Questions for a Pro: Candy Swick


Real estate broker Candy Swick. (Herald-Tribune archive)

Real estate broker Candy Swick.
(Herald-Tribune archive)

Candy Swick has been in real estate for 34 years. As the owner of Candy Swick and Co., she has weathered a number of market fluctuations by staying current and keeping her focus on the human aspects of the business. Correspondent Chris Angermann interviewed her at her office on Main Street in Sarasota.

Q: You have talked about the importance of staging in the past. Is it still necessary?

A: There is a perception among some sellers that, with a shortage of inventory, they don't have to, and still get their price. I tell them, "When I get home from work, I like to put on my worn, old slippers. To me they're comfortable and feel like home. But would anybody else want to buy them?"

Buyers still have choices. One of my recent clients, a CEO of a corporation that has moved to town, was going to overpay for a house because he needed it quickly. I told him, "You should rent for a year." As a Realtor, it's more work for me, but it's the right thing to do. We looked at about 50 homes. The house he ended up buying, the owners had done the right thing. It was immaculate; they had cleaned and painted it and done some upgrades. You might say their shiny slippers looked comfortable, and my buyer could see himself in them.

We also want to do what's right for the sellers. The other day, I talked to someone who had had his property on the market a while and didn't want to lower the asking price. He said, "There's nothing wrong with my home." I told him, "No, there isn't, but my job is to work with the buyers' perception of your home. They see your comfortable home. If they're going to make it theirs, they're going to invest a little more than the market might bear if they have to resell."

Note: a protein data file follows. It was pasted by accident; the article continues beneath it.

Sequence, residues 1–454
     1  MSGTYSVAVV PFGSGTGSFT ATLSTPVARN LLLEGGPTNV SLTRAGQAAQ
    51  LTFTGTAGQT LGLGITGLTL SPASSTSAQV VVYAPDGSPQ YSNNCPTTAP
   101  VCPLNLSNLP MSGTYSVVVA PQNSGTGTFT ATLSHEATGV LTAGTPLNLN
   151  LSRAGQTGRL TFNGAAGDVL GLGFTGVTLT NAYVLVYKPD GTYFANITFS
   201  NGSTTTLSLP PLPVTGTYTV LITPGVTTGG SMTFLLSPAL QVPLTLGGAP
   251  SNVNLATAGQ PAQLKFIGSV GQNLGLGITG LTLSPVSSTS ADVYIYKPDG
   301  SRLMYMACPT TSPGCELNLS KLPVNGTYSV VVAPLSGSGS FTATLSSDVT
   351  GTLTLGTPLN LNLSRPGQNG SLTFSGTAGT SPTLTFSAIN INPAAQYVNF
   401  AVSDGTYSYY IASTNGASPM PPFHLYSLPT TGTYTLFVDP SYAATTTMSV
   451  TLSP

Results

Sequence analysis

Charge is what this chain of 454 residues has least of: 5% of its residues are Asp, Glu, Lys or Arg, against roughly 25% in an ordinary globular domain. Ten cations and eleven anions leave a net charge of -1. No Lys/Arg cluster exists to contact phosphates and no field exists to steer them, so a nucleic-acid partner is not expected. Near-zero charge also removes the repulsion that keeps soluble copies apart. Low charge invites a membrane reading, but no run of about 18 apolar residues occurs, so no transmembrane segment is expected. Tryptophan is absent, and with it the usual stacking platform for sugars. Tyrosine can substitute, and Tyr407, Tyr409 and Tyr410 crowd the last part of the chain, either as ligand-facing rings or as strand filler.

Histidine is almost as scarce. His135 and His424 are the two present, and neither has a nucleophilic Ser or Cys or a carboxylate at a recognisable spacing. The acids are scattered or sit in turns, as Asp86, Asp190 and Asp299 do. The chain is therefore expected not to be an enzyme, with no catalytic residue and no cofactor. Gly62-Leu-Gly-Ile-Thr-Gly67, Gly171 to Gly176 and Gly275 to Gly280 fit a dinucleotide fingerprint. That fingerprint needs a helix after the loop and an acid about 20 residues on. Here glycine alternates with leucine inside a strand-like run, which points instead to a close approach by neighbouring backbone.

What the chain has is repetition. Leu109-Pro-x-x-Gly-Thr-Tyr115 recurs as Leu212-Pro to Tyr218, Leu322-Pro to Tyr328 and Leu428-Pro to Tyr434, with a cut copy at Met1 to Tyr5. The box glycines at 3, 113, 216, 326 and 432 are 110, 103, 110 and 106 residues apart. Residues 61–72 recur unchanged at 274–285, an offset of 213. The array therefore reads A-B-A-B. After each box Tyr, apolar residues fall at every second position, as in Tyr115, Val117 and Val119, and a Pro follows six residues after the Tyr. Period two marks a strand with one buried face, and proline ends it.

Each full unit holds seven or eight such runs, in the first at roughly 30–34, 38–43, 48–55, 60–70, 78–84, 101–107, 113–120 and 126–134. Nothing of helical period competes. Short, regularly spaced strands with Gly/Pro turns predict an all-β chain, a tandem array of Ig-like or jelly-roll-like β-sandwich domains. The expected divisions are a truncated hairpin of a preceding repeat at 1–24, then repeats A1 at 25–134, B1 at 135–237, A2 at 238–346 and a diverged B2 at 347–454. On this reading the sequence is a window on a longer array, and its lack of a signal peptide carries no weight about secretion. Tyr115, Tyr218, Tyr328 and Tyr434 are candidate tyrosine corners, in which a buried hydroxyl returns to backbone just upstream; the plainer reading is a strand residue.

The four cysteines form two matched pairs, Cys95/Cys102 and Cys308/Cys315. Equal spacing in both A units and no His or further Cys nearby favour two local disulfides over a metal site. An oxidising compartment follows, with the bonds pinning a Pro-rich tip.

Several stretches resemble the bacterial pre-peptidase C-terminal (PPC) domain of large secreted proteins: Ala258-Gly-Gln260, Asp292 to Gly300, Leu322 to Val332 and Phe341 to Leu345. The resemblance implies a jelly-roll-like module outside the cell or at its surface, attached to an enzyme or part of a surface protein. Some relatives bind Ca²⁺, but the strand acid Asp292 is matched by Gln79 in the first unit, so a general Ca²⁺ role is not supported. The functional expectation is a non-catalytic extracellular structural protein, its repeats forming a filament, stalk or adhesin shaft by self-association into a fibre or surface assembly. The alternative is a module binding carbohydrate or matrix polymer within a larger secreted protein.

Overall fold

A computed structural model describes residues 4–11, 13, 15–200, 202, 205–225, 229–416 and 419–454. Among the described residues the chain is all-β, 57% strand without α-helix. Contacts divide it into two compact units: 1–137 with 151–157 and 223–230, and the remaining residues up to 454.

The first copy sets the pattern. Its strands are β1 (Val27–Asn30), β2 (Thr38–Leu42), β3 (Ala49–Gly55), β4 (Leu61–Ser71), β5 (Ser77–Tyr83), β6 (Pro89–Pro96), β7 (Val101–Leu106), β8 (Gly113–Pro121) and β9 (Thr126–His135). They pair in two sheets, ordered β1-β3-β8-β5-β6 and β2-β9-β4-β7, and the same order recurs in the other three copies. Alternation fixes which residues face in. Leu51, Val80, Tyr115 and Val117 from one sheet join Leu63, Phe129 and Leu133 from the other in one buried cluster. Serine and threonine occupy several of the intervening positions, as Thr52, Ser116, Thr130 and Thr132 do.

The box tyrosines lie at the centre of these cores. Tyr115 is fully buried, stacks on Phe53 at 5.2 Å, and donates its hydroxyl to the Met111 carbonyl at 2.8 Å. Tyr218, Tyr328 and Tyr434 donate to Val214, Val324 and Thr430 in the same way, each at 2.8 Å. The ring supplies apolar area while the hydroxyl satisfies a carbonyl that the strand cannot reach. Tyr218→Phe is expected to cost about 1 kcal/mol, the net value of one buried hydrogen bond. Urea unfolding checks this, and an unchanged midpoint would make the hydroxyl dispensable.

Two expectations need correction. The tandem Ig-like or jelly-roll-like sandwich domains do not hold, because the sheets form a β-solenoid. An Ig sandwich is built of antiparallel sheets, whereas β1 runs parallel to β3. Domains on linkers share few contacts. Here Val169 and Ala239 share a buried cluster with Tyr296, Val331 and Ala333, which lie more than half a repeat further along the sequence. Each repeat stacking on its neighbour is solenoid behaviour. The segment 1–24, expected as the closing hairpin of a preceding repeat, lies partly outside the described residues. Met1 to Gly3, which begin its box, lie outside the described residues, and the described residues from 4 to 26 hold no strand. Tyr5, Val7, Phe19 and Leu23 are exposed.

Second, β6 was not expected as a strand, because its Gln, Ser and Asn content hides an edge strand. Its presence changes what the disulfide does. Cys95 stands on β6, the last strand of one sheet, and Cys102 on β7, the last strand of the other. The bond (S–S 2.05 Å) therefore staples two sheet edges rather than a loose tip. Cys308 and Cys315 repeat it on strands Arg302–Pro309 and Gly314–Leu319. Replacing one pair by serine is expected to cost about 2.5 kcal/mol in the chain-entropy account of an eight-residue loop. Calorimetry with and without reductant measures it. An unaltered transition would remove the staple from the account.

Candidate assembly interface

That's really important these days. There is that little voice in the back of buyers' minds that keeps saying to them, "If I pay X for this house and have to do this and that to it, will I be able to resell it without taking a loss?"

Q: How do you deal with a market that has low inventory right now?

A: The market is always going up and down, changing from a buyer's to a seller's market and back, from too much inventory to not enough, from bargain interest rates to the 18 percent we had in 1979. But people still need to buy and sell homes. So it's a matter of keeping perspective. It's still just an education of what will work well for you. People come to me for my counsel, my experience, my judgment. So I say to buyers, "You have a choice. Does it suit you and fit your needs at this point? Is it financially comfortable for you; does it make sense to you? Those things should govern your decision."

Q: What is the role of the Internet?

A: The personal connection still matters. Despite all the tweeting and texting, the human touch is important. I remember when there was such a fear among many Realtors that buyers wouldn't need them anymore! But someone has to interpret the information. I have had clients move here from out of state who had gone on the Internet. They knew they could buy the house they wanted for X dollars — it was perfect. Then, they found it was an hour's drive from work! So people still need a counselor, an expert; but they need to be able to trust you.

I had a wealthy client who came to town to buy two houses — one for himself and another for a friend who had helped him at a time when he'd fallen on hard times. Now, he was going to take care of him and his family for life. He was going to pay $2.5 million for his home and $750,000 for his friend's house. And he looked at me and asked, "Should I do that?"

And I said, "No."

"Why not?"

"Because it's a huge overinvestment; that's my opinion."

He said, "I'm going to do it anyway."

I told him, "That's good, because that's your decision. But why did you ask me?"

He said, "I wanted to see how honest you were. I know it's an overinvestment.'

Most people know the right answer in their gut, and they know when you tell it to them like it is and when you don't.

Q: What keeps you going after 34 years?

A: I was recently asked if I planned to retire soon. I said, "I am retired. Someone once told me, 'When you retire, you get to do what you want. I'm doing that now; therefore, I'm retired."

Last modified: July 5, 2013
All rights reserved. This copyrighted material may not be published without permissions. Links are encouraged.